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The ‘Greta effect’ on climate activism

by Cecilia Villarosa

GEN Z climate activist Greta Thunberg’s recent detention in Germany following her participation in a protest against a coal mine expansion made headlines across the globe. 

She was released later in the evening. Thunberg confirmed this herself via her Twitter account.

“I was part of a group that peacefully protested the expansion of a coal mine in Germany. We were kettled by police and then detained but were let go later that evening,” Thunberg said.

In the same message, she posted, “Climate protection is not a crime.” 

Greta the activist

But who is Thunberg and how did she become a well-known environmental campaigner in the world?

Thunberg’s name is considered “thunder” when it comes to climate advocacy.

She is a Swedish activist. She was born on January 3, 2002 in Stockholm, Sweden.

Her interest in the need to protect the environment started when she was just eight years old. As she learned more about the environment, she became frustrated with small efforts being done to address the problem of climate change. 


She was later on diagnosed with Asperger syndrome, a form of Autism Spectrum Disorder. But her condition did not stop her from pushing for her climate advocacy. She even considered it as some sort of “superpower” as she seriously campaigned for environment protection.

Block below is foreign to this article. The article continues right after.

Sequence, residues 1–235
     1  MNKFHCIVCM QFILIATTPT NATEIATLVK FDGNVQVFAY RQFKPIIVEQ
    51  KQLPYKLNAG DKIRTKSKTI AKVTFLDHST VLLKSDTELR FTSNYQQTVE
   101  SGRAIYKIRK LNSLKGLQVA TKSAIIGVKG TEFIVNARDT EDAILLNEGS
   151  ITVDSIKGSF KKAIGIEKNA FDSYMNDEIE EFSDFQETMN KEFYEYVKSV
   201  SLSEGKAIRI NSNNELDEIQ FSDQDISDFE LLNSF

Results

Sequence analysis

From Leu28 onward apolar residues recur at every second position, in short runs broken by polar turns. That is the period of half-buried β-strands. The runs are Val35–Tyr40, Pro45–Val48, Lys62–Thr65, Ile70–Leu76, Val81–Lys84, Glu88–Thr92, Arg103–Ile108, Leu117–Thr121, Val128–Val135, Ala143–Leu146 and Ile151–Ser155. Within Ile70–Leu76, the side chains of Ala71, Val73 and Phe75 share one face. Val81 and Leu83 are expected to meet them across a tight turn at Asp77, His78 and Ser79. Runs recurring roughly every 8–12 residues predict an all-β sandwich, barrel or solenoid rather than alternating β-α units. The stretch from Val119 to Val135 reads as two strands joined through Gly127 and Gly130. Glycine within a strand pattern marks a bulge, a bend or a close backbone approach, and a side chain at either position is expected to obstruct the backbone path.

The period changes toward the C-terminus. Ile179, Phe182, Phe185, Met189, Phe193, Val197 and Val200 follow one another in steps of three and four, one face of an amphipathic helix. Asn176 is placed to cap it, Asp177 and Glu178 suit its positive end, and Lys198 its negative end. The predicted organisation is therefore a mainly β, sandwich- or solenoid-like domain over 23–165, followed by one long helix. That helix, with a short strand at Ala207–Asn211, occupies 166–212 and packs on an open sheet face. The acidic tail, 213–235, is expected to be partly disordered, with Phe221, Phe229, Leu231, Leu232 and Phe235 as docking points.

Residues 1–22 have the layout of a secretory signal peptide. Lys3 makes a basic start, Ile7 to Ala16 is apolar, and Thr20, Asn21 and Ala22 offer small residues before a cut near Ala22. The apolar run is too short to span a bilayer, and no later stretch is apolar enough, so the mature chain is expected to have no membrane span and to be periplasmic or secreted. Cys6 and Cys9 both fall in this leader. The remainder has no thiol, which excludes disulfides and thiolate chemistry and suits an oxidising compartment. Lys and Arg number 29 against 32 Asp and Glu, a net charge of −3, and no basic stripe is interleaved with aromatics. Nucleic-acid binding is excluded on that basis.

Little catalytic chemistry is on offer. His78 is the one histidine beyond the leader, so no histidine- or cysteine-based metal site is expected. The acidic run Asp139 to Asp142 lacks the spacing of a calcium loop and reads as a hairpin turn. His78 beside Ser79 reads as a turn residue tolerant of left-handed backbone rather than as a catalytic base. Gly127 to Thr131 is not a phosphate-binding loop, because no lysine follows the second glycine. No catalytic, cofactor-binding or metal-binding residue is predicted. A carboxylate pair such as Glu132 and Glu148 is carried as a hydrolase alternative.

Her conviction is bold and clear – there are “no grey areas when it comes to climate change.” 

Rise to fame

But one incident started to catapult her name to worldwide fame – that was when she protested outside the Swedish Parliament in August 2018. She carried a poster bearing the words “School Strike for Climate.” At only 15 years old, she challenged the Swedish government to take concrete action to address global warming. 

Her protest was reported in the media, and later on, thousands of students from different parts of the world launched their own Friday strikes. 

Inspired by what Thunberg has started, climate campaigners launched the first “Global Strike for Climate.” More than one million people participated in the event from 125 countries.  

Since then, Thunberg has been actively advocating and taking part in protests and gatherings for the environment. She gave a speech before the 2018 United Nations Climate Change Conference (COP24) and at the annual meeting of the World Economic Forum in 2019. An eloquent speaker, she also gave powerful speeches before the parliaments of France, United Kingdom and European Union 

She also had an opportunity to meet with Pope Francis, when she went to the Vatican in 2019. In a brief encounter with the Pope in St Peter’s Square, the supreme pontiff encouraged her to continue her work. 

Greta effect 

The movement for the environment which she started eventually became known as the the “Greta effect.”

Because of her invaluable contribution to campaigns concerning the environment, she has been nominated four times for a Nobel Peace Prize. 

Photo courtesy: Stefan Müller via Wikimedia



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